A colleague shared an article from the Chronicle of Higher Education that focused on whether university teachers should take attendance. The author, Kelli Marshall, draws on an essay from Murray Sperber and argues that, despite the mixed research on mandatory attendance policies, university faculty should forget about taking attendance. Marshall’s argument boils down to the three larger themes.
1. As instructors, we work with developing adults who need to take responsibility for the decisions.
2. Without an attendance policy, potentially disruptive students will choose not to attend.
3. Students choosing to attend can be viewed as an informal assessment of the class and the instructor.
While Marshall’s article offers some thought provoking fodder, it also reminded me of an attendance-related decision that I made over a decade ago. As I enter my 25th year of teaching, I count this decision as one of the biggest instructional mistakes I’ve made in my career.
I was teaching high school physics at the time and I had the privilege of teaching in a classroom that was the farthest point from the cafeteria. This always presented challenges, especially when teaching classes immediately after a lunch period. Because of the distance and the number of students walking in mass from the cafeteria, a few students would come to class late. One year, the occasional tardiness became a little more routine. Several students showed up late everyday, which I began to look as a complete affront to my power and legitimacy as a teacher. I had to do something.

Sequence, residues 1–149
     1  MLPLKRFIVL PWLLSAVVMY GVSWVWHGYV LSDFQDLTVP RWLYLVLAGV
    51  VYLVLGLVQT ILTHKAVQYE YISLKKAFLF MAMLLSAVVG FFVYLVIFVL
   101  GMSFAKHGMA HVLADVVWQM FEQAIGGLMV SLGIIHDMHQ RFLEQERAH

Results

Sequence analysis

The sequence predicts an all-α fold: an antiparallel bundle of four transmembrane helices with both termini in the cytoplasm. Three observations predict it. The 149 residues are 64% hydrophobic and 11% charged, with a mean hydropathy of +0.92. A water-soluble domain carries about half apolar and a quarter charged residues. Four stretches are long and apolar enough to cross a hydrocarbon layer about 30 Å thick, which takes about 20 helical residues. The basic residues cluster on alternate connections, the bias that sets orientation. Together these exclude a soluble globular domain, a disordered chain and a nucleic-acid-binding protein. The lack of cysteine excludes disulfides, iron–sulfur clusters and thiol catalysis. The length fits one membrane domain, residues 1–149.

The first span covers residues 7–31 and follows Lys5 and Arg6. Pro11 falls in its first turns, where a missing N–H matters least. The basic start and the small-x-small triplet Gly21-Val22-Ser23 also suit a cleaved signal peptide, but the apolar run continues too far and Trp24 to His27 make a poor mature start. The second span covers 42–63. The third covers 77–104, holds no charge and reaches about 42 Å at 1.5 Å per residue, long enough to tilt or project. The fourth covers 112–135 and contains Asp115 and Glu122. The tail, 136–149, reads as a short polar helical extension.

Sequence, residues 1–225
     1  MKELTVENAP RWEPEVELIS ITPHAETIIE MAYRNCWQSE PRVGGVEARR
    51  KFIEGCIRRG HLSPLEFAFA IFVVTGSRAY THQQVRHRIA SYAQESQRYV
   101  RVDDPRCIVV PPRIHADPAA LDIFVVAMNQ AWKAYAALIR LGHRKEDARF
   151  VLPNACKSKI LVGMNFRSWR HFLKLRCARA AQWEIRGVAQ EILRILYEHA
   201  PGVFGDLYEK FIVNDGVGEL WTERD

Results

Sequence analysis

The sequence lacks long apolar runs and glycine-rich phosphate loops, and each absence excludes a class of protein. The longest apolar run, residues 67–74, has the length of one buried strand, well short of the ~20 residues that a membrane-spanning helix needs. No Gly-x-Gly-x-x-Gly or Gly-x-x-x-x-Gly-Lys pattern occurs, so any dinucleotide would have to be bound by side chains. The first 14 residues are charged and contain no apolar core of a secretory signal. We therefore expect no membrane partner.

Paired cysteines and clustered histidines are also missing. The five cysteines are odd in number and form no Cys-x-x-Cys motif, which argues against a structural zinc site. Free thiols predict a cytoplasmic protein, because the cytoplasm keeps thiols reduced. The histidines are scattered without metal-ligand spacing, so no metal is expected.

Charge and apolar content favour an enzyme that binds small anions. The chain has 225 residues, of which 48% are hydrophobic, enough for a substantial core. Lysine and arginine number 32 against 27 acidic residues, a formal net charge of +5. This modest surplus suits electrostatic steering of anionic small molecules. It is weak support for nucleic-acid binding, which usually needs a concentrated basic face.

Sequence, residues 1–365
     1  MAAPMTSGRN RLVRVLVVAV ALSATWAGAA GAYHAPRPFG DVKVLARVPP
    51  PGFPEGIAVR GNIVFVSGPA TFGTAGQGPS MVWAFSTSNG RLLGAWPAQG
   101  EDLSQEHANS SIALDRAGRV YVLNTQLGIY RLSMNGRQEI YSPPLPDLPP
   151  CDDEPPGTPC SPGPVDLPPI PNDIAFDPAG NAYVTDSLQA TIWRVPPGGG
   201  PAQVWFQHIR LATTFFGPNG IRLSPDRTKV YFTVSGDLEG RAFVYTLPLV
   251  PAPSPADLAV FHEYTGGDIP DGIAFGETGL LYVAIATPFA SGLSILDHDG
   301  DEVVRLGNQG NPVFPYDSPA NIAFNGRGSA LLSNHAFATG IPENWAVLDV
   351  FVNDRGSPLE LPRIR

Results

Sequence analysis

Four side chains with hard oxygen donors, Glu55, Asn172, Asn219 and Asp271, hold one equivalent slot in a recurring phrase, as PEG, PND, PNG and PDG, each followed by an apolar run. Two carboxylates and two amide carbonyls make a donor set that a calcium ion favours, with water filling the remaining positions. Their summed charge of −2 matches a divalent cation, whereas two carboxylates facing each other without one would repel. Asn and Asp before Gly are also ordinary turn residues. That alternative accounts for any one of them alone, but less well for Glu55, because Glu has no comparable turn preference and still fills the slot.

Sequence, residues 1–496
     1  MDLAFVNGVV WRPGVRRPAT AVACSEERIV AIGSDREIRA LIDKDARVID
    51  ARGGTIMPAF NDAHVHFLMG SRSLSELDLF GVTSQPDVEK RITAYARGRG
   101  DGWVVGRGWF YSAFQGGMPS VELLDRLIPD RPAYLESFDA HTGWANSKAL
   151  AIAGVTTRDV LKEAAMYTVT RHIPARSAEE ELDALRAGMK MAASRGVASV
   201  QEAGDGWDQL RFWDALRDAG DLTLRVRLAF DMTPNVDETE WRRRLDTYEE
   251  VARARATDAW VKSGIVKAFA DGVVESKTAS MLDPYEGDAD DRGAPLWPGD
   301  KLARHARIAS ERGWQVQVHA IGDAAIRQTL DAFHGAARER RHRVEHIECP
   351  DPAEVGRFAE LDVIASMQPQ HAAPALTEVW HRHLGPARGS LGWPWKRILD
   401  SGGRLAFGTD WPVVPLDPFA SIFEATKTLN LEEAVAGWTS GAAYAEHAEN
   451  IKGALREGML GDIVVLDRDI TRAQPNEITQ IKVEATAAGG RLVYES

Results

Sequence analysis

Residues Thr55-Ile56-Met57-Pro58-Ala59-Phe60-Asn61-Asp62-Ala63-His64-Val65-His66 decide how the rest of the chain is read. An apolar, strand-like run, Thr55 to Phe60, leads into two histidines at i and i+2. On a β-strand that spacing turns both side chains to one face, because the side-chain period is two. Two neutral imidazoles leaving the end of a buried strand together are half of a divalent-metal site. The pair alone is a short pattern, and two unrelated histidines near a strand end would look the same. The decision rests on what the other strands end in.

I decided to institute a daily 10-point quiz that students completed when they walked into the room. If students were late, they wouldn’t get to take the quiz and their grade was impacted. After a few days, I had completely lost the class. They lost respect for me and many of the students who once enjoyed the class now saw it as a police state. As I created a policy to punish the students who were a few minutes late, I ended up punishing the whole class. I think some of the students never saw me the same way after instituting that policy. That decision and the class’s reaction taught me two important lessons:
Pick your battles. Looking across the research the Marshall includes in her article, there are mixed results of instituting a mandatory attendance policy. One study, however, found that stressing over requiring attendance improved students’ rate of attendance, their academic performance and their attitudes about the class. I created a punitive policy that didn’t improve student tardiness but negatively impacted their perception of the class. Rather than instituting a punitive attendance policy, I should have just focused my attention on student learning and examined whether students’ tardiness had any impact on their academic performance.
Weigh the costs. In every instructional decision we make, there are larger impacts and costs. We may choose to spend more time on one subject, which causes us to spend less time on another. In this situation, I didn’t consider the larger cultural impacts of the decision and how it would affect students’ perception and attitude towards the class. And that’s the biggest lesson that I’ve learned from “my biggest mistake.” Classrooms are complex ecosystems that we as instructors need to manage with care. While some policies may seem to offer simple solutions, the resulting impacts are rarely simple.